Like Tara Granahan, when I heard of progressive Democrat state Representative Aaron Regunberg’s use of terms like “neo-Nazi rot” to describe the Trump administration at a public rally over the weekend, I contacted the representative to ask whether he might see it in retrospect as a little out of bounds. The exchange was respectful and not evasive, and Regunberg, of Providence, didn’t back off of his statement, ultimately agreeing with my characterization of his opinion as this:
- For [him], “alt-right” = “neo-Nazi”
- Bannon has expressed support for the “alt-right”
- Effectively, Bannon = Trump
- The president is therefore enabling “neo-Nazi rot”
The context up to that point is important. I’ve argued, before, that this conflation of the “alt-right” with (in a word) Nazism is mistaken, and my exchange with Regunberg illustrates the point. To substantiate his argument, Regunberg sent me a link to a CNN article that makes the connection by pointing out that actual racists are happy to call themselves “alt-right” (which I’d argue is more an example of co-opting than founding) and like Bannon’s views on “Mexican immigration, Muslims, and refugee resettlement.”
The key question is whether Americans (and Steve Bannon, himself) can agree with those positions and not be neo-Nazis. Indeed, 57% of Americans, according to one new poll, support the president’s temporary refugee ban. If Regunberg believes, as he told me, that Trump’s support of Bannon associates Trump with the alt-right (and, therefore, “neo-Nazis”), then support for Trump and this policy should associate any Americans with such views, too.
We’re in dangerous territory, here. Right after an election, the losing side is relentlessly insisting that the other side is fundamentally illegitimate. Meanwhile, former president Barack Obama has emerged from a too-brief vacation to have a spokesman state, “The president fundamentally disagrees with the notion of discrimiAdd Newnating against individuals because of their faith or religion.” (Never mind that the Trump administration used Obama’s list of nations to choose the scope of its policy.)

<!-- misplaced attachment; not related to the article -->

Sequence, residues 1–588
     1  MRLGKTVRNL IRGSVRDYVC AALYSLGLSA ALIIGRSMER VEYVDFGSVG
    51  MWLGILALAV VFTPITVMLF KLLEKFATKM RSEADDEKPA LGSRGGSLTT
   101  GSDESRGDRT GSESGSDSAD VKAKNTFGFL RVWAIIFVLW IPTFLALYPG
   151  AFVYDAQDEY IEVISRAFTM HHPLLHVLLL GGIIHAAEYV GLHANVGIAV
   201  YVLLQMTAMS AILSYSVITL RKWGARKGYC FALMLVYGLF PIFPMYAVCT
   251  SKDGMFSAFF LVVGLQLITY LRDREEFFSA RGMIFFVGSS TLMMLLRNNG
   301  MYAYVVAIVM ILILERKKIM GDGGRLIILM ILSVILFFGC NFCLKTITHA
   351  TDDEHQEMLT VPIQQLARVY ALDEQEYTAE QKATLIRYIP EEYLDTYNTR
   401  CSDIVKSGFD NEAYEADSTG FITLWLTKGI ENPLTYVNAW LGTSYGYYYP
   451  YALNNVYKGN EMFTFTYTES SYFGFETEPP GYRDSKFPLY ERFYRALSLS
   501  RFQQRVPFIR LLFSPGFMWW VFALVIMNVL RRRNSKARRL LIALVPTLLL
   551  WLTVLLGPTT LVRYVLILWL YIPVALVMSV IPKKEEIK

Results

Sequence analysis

Add in the fact that it has become nearly impossible to differentiate between the news media and progressive activist publications, and we appear to be getting a taste of the environment in which left-wing dictatorships emerge. A powerful faction is sowing constant unrest while the news is spun to support its claims and associated politicians declare opposing views to be illegitimate and their highest-profile ally, who’s been out of office for less than two weeks, is muddying the waters about who the president is.
To a recent post in this space, an anonymous commenter offered the cliché that “progressives are tolerant but NOT for intolerance and bigotry.” The strategy is obvious:
- I’m tolerant of everything but intolerance and bigotry!
- What’s intolerance and bigotry?
- Anything with which I disagree.
Again, this is how left-wing dictatorships make their case.
My sense of the country’s temper, even from behind the curtain, here in Rhode Island, is that a majority of Americans (or at least a very significant segment of the country) is not going to keep falling for it, which means either that the Left is headed toward political calamity or pulling the nation toward civic calamity. Anybody who would prefer to avoid either outcome should be careful with language.